During this period, there was also extensive Vietnamese activity in Ratanakiri. Vietnamese communists had operated in Ratanakiri since the 1940s; at a June 1969 press conference, Sihanouk said that Ratanakiri was "practically North Vietnamese territory". Between March 1969 and May 1970, the United States undertook a massive covert bombing campaign in the region, aiming to disrupt sanctuaries for communist Vietnamese troops. Villagers were forced outside of main towns to escape the bombings, foraging for food and living on the run with the Khmer Rouge. In June 1970, the central government withdrew its troops from Ratanakiri, abandoning the area to Khmer Rouge control. The Khmer Rouge regime, which had not initially been harsh in Ratanakiri, became increasingly oppressive. The Khmer Loeu was forbidden from speaking their native languages or practicing their traditional customs and religion, which were seen as incompatible with communism. Communal living became compulsory, and the province's few schools were closed. Purges of ethnic minorities increased in frequency, and thousands of refugees fled to Vietnam and Laos. Preliminary studies indicate that bodies accounting for approximately 5% of Ratanakiri's residents were deposited in mass graves, a significantly lower rate than elsewhere in Cambodia.

After the Vietnamese defeated the Khmer Rouge in 1979, government policy toward Ratanakiri became one of benign neglect. The Khmer Loeu were permitted to return to their traditional livelihoods, but the government provided little infrastructure in the province. Under the Vietnamese, there was little contact between the provincial government and many local communities. Long after the fall of the Khmer Rouge regime, however, Khmer Rouge rebels remained in the forests of Ratanakiri. Rebels largely surrendered their arms in the 1990s, though attacks along provincial roads continued until 2002.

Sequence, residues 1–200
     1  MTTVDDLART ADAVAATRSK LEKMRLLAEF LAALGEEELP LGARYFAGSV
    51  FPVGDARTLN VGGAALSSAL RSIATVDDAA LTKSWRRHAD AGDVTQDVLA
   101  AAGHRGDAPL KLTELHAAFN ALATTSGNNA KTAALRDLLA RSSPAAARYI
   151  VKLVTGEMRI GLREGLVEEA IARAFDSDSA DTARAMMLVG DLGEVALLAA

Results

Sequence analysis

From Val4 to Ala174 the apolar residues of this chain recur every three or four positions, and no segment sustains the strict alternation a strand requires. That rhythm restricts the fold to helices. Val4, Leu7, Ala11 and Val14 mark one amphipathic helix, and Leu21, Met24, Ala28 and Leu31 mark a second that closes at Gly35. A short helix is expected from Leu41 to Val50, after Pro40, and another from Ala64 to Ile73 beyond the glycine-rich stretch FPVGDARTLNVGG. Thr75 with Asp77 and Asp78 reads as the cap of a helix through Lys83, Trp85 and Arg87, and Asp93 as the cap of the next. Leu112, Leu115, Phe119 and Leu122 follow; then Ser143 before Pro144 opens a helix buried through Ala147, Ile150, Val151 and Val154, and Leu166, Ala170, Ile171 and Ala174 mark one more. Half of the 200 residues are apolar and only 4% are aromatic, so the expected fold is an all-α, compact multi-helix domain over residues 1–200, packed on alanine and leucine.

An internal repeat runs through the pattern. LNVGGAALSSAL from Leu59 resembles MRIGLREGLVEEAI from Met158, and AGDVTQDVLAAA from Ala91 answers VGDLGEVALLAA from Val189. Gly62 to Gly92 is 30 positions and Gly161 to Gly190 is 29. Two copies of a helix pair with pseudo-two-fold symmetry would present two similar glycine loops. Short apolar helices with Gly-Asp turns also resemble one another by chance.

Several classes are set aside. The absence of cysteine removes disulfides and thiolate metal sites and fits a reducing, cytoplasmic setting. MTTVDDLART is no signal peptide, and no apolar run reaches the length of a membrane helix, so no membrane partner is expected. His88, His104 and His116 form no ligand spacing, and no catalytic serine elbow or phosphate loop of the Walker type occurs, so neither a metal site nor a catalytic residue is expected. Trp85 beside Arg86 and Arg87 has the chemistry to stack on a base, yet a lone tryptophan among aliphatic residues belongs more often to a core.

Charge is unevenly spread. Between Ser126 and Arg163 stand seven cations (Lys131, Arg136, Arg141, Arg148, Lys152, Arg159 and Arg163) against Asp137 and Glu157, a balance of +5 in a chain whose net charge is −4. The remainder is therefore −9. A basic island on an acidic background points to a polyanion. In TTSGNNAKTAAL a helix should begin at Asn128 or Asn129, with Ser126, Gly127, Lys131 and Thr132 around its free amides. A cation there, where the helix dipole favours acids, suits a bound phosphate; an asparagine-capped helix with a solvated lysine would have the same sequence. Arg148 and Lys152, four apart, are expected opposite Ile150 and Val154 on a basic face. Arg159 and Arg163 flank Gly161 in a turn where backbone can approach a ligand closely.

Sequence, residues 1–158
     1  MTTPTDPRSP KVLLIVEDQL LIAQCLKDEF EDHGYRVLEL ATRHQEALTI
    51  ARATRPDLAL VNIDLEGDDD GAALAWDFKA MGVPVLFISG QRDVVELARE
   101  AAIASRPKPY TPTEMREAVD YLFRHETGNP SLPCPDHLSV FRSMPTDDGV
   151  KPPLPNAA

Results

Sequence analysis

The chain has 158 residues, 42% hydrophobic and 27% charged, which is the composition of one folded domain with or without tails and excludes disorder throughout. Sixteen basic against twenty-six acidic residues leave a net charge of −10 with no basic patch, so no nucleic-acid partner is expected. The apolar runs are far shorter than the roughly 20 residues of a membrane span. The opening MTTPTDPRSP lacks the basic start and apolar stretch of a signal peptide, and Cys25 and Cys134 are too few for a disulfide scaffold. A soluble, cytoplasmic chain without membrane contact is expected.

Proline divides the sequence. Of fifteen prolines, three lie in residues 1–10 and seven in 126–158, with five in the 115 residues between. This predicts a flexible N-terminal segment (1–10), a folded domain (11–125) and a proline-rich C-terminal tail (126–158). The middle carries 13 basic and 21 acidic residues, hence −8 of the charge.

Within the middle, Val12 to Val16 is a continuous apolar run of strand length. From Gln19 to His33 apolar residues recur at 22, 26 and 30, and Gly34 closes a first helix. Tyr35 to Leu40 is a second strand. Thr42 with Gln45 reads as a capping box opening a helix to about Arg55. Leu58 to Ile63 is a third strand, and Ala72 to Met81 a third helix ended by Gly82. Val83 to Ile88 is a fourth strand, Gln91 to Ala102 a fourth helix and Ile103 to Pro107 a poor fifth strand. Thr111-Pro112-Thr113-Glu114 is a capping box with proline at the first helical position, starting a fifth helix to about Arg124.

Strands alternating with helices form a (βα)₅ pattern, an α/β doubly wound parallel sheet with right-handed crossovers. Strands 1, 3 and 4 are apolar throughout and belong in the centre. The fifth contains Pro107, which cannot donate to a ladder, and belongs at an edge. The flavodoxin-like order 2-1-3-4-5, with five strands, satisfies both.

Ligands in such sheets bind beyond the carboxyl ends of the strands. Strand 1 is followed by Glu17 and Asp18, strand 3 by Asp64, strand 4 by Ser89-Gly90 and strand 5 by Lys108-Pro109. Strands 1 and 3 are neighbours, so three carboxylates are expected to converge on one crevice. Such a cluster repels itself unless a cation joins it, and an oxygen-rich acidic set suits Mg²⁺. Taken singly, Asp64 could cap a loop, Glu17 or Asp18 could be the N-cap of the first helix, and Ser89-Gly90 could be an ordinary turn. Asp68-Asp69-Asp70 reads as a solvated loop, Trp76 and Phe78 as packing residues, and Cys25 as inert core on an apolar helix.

Ratanakiri's recent history has been characterized by development and attendant challenges to traditional ways of life. The national government has built roads, encouraged tourism and agriculture, and facilitated rapid immigration of lowland Khmers into Ratanakiri. Road improvements and political stability have increased land prices, and land alienation in Ratanakiri has been a major problem. Despite a 2001 law allowing indigenous communities to obtain collective title to traditional lands, some villages have been left nearly landless. The national government has granted concessions over land traditionally possessed by Ratanakiri's indigenous peoples, and even land "sales" have often involved bribes to officials, coercion, threats, or misinformation. Following the involvement of several international non-governmental organizations (NGOs), land alienation had decreased in frequency as of 2006. In the 2000s, Ratanakiri also received hundreds of Degar (Montagnard) refugees fleeing unrest in neighboring Vietnam; the Cambodian government was criticized for its forcible repatriation of many refugees.

Geography and climate